The modern era of gas detection started in 1926–1927 with the development of the catalytic combustion (LEL) sensor by Dr Oliver Johnson. Dr Johnson was an employee of the Standard Oil Company in California (now Chevron), he began to research and development on a method to detect combustible mixtures in the air to help prevent explosions in fuel storage tanks. A demonstration model was developed in 1926 and denoted as Model A. The first practical "electric vapor indicator" meter begun production in 1927 with the release of the Model B.

The world's first gas detection company, Johnson-Williams Instruments (or J-W Instruments) was formed in 1928 in Palo Alto, CA by Dr Oliver Johnson and Phil Williams. J-W Instruments is recognized as the first electronics company in Silicon Valley. Over the next 40 years, J-W Instruments pioneered many "firsts" in the modern age of gas detection, including making instruments smaller and more portable, developing a portable oxygen detector as well as the first combination instrument that could detect both combustible gases/vapors as well as oxygen.

Before the development of electronic household carbon monoxide detectors in the 1980s and 1990s, carbon monoxide presence was detected with a chemically infused paper that turned brown when exposed to the gas. Since then, many electronic technologies and devices have been developed to detect, monitor, and alert the leak of a wide array of gases.

As the cost and performance of electronic gas sensors improved, they have been incorporated into a wider range of systems. Their use in automobiles was initially for engine emissions control, but now gas sensors may also be used to ensure passenger comfort and safety. Carbon dioxide sensors are being installed into buildings as part of demand-controlled ventilation systems. Sophisticated gas sensor systems are being researched for use in medical diagnostic, monitoring, and treatment systems, well beyond their initial use in operating rooms. Gas monitors and alarms for carbon monoxide and other harmful gases are increasingly available for office and domestic use and are becoming legally required in the Netherlands.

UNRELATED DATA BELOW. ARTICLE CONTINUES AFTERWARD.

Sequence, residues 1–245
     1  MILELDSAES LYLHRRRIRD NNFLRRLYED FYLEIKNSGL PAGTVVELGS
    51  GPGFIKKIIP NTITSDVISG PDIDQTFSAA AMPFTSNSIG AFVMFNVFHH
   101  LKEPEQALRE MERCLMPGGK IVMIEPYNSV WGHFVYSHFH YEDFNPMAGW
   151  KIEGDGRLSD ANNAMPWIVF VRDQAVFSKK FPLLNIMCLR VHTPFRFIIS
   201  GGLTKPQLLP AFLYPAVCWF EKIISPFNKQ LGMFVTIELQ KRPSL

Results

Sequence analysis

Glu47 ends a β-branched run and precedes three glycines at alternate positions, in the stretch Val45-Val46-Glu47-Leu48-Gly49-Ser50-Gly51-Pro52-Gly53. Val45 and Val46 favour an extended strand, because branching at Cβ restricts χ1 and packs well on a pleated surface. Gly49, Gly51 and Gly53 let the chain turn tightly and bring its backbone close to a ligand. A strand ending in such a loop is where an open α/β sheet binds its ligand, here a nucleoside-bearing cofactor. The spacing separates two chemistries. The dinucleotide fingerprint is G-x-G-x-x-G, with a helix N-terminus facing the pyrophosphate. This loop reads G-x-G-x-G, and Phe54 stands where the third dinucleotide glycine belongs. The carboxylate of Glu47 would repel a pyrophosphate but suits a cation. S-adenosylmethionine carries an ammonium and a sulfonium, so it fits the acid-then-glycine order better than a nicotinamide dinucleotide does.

Tubes: Old-fashioned or extremely useful from time to time? 

And still, we keep innovating, many gasses are detectable with electrical components like VOC’s with a PID and hydrocarbons and CO2 with an infrared sensor. This is a wild guess, but I think we still can’t even detect half of the existing gasses with a sensor. For gasses we cannot detect with a portable or fixed system we can always use tubes. While they look quite old fashioned, the tubes are incredibly for gasses that are hard to detect with a sensor. Or they have a lot of cross-sensitivity. The human component in the measurement can guarantee that they are used the way they are meant to be used. Tubes don’t have to be calibrated, gas detection has to calibrated to function properly!

Did I miss any parts in the history of gas detection? Please let me know! Get in touch with us: This email address is being protected from spambots. You need JavaScript enabled to view it. or fill out our contact form. One of our professionals gets back to you as soon as possible.